PORTLAND - A newly-published research paper by Kaiser Permanente's Center for Health Research, showed that when it comes to hip fractures, it's the injury itself, not the patient's age, that makes the condition so risky.
"A lot of people assumed that the older the patient, the higher their risk of dying from a hip fracture," said lead author, Dr. Erin LeBlanc. "It's the hip fracture itself and not just the underlying medical conditions," she said.
For the last 25 years, researchers studied nearly 10,000 women ranging in age from their 60s to their 80s, to determine the risk of dying after a hip fracture. Nearly 1,100 participants suffered from a broken hip.
Across all age groups, the average mortality rate for those who broke their hip was about 17 percent.
"We found that in healthy women over the age of 80, there was actually a three fold risk of dying after hip fracture in the next year," said LeBlanc. "The study also showed that women ages 65 to 69 are five-times more likely to die from a hip fracture," she said.
The study challenged the theory that only the sick and elderly are at risk of dying from a hip fracture. Case in point? Portlander and study participant, Anne Taggard. The 92-year-old has survived two broken hips.
"I broke my right hip seven years ago while going up my front steps," recalled Taggard. "I turned around to say hello to a neighbor who yelled across the street, and I slipped and fell across the steps".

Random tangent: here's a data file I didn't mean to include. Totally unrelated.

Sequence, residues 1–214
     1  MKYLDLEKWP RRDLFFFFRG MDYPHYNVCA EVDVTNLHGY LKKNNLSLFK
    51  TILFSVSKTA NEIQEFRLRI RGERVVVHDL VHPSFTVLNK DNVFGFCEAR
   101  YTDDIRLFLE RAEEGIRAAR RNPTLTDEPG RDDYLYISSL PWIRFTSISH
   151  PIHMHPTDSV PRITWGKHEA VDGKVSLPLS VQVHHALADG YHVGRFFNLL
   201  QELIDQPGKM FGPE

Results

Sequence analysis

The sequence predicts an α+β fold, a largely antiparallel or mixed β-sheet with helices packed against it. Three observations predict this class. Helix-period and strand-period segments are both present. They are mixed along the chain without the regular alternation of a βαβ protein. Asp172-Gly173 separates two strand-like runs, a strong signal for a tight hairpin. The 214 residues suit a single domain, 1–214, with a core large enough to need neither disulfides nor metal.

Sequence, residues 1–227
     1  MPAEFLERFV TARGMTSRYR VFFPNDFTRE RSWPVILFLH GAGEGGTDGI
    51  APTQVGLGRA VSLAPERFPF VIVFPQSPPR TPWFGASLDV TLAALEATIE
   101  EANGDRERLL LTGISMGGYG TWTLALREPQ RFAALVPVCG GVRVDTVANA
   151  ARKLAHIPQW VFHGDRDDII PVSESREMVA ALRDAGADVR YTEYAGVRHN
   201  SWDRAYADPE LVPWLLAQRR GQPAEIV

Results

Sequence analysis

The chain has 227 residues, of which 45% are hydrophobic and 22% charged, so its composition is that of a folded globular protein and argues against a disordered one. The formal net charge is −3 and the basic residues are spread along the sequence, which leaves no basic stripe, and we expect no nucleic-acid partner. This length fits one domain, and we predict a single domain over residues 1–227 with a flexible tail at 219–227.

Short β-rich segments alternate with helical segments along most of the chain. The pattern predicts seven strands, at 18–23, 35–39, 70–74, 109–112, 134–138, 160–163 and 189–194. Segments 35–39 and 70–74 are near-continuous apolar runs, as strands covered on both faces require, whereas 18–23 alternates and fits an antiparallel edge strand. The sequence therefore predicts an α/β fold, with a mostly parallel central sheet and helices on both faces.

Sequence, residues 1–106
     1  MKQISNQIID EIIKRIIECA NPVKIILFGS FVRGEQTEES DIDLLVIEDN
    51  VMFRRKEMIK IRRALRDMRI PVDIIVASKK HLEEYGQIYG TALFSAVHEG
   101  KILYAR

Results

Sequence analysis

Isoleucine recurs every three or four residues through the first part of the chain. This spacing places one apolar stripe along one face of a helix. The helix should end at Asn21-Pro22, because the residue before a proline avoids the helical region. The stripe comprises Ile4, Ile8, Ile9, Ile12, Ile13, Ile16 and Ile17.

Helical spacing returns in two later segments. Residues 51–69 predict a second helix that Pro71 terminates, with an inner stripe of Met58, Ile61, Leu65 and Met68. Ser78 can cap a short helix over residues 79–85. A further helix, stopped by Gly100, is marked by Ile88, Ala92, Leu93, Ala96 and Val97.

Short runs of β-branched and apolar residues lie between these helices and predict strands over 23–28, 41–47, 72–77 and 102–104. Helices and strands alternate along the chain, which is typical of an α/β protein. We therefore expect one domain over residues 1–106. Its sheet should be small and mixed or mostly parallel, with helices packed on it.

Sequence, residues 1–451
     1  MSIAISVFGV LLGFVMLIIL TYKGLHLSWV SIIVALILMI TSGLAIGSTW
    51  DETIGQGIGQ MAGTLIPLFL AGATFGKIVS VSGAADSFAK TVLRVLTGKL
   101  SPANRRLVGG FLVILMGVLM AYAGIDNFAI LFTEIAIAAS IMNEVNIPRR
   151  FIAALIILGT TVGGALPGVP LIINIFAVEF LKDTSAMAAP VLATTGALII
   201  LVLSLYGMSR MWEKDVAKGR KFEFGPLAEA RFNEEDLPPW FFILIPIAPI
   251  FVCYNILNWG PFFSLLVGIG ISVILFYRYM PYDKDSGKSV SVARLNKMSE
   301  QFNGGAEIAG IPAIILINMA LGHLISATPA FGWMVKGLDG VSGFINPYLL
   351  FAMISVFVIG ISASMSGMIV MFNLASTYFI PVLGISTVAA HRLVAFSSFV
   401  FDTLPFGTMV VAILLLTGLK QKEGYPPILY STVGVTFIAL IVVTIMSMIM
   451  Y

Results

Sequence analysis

Taggard broke her left hip last year when she slipped on her driveway.
"The fact that (Taggard) has two hip fractures and she's still living at home is remarkable," said LeBlanc. "(This study) tells us that hip fractures are dangerous, and It's really critical that we work hard to prevent hip fractures in the first place," said LeBlanc.
To avoid fractures, LeBlanc suggested women take a calcium supplement, do weight baring exercises and make a few simple changes around the house. She said it's a good idea to keep food on lower shelves to avoid having to reach for it. She also advised removing slippery carpets and cords that can cause someone to trip.
Taggard had some advice of her own -- taking things nice and slow.
"Both times I got hip fractures, I'd made movements that were sudden," she recalled. "Now I try to be very cautious."
LeBlanc also suggested having a bone density scan and taking osteoporosis medication, depending on what your doctor says is right for you.